T.N. Vs. A. Rajapandian  INSC 544 (24 October 1994)
Singh (J) Kuldip Singh (J) Jeevan Reddy, B.P. (J)
1995 AIR 561 1995 SCC (1) 216 JT 1994 (7) 492 1994 SCALE (4)690
Judgment of the Court was delivered by KULDIP SINGH, J.- Delay condoned.
Special leave granted.
3. A. Rajapandian,
respondent in the appeal herein, joined service as Sub-Inspector of Police in
the State of Tamil Nadu. He was promoted to the post of
Inspector in the year 1977. The Tribunal for Disciplinary Proceedings, Madras, held inquiry against him on three
charges out of five framed against him. In the departmental inquiry the
Tribunal found the three charges proved against the respondent and as a
consequence he was dismissed from service by the order dated 7-2-1984. He challenged the order by way of writ petition
before the Madras High Court, The writ petition was subsequently transferred to
the Tamil Nadu Administrative Tribunal. The Administrative Tribunal by its
order dated 4- 9-1991 allowed the transfer petition and
set aside the dismissal order. This appeal by the State of Tamil Nadu is against the order of the
Administrative Tribunal set aside the order of dismissal solely on reappreciation
of the evidence recorded by the inquiring authority and reaching the conclusion
that the evidence was not sufficient to prove the charges against the
respondent. We have no hesitation in holding at the outset that the
Administrative Tribunal fell into patent error in reappreciating and going into
the sufficiency of evidence. It has been authoritatively settled by string of
authorities of this Court that the Administrative Tribunal cannot sit as a
court of appeal over a decision based on the findings of the inquiring
authority in disciplinary proceedings. Where there is some relevant material
which the disciplinary authority has accepted and which material reasonably
supports the conclusion reached by the disciplinary authority, it is not the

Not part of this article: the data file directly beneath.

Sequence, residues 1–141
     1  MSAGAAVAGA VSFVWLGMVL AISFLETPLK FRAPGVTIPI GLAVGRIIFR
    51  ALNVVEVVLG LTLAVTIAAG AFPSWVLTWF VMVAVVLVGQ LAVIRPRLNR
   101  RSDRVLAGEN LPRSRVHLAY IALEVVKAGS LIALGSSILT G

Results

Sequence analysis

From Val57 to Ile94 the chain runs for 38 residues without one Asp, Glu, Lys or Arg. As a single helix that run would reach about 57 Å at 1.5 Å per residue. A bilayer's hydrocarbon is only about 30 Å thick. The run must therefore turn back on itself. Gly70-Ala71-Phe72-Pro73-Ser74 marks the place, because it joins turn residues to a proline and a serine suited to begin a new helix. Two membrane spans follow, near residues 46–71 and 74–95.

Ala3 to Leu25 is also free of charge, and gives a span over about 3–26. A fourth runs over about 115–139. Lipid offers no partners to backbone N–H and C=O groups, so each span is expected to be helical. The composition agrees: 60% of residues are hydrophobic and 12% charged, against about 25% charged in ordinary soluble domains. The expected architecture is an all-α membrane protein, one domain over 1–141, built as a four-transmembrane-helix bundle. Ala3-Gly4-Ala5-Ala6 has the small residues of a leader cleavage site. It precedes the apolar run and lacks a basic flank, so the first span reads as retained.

function of the Administrative Tribunal to review the same and reach different
finding than that of the disciplinary authority.
Administrative Tribunal, in this case, has found no fault with the proceedings
held by the inquiring authority.
quashed the dismissal order by reappreciating the evidence and reaching a
finding different than that of the inquiring authority.
charges framed against the respondent were as under:
The accused officer had failed to seize cash (Rs 578.53) found on the person of
Christopher, one of the accused in the above case and to treat the same as case
property, but treated it as personal cash.
actuated by corrupt motive and in abuse of his position and authority when he
was working as Sub-Inspector of Police (Crime) D-2 Anna Salai Police Station,
Madras demanded and received an illegal gratification of Rs 100 on 6-4-1974 at
about 6 p.m. outside the D-2 Anna Salai Police Station, Madras-2 from Mr KR. Padmanabhan
(mentioned under Charge 1) for arresting the absconding accused involved in
Crime No. 427/74 under Section 420 IPC of D-2 Anna Salai Police Station,
Madras-2 and also for investigation of the case.
IV: 1 That actuated by corrupt motive and in abuse of his position and
authority, when he (accused officer) was working as Sub-Inspector of Police
(Crime) D-2 Police Station, Madras, he (accused officer) demanded an illegal
gratification of Rs 2000 from Mr K.R. Padmanabhan, witness mentioned under
Charge 1, when he came to D-2 Police Station after two days of registration of
the case' (Cr. No. 427/74) under Section 420 IPC D-2 Anna Salai Police Station,
Madras to find out the progress of his case, to go to Tirunelveli and other
places in search of the absconding accused, concerned in Cr. No. 427/74 of D-2
Police Station, and received Rs 500 as illegal gratification from the said Padmanabhan
in the front verandah of the D-2 Police Station, Madras-2 at about 5.30 p.m. on
12-4-1974 and at the same time also demanded another sum of Rs 1000 as illegal
gratification stating that the amount of Rs 500 given was inadequate to meet
During the inquiry apart from documentary evidence PW1 K.R. Padmanabhan, PW 2
Dr Hakeem Syed Karimullah Hussain Khadiri, PW 3 Ishaq, PW 5 Azeez Ahmed and PW
6 Thirunavukkarasu were examined as witnesses. On the basis of the evidence
produced before the inquiring authority, the charges were held to be proved
against the respondent.
Administrative Tribunal, while reversing the enquiring authority, discussed the
evidence pertaining to Charge III in the following words:
to PW1 when the amount of Rs 100 was handed over, PW 2 and PW 5 were also
present nearby and they knew about the same.
in his evidence is emphatic that the amount of Rs 100 was handed over to the
applicant by PW1 in his presence which was also witnessed by PWs 3 and 5. PW 3
is equally emphatic that he did not see the amount of Rs 100 passing over to
the applicant. PW 5 is not an independent witness and by his own admission he
follows whatever PW 2 says. PW 5 says that there are four divisions in the D-2
Police Station and it is a crowded police station. The contradiction in the
evidence is that while PW1 says that PWs 2 and 5 were present when the amount
was handed over to the applicant and PW 2 says that he 219 along with PWs 3 and
5 has witnessed the amount being handed over to the applicant whereas PW 3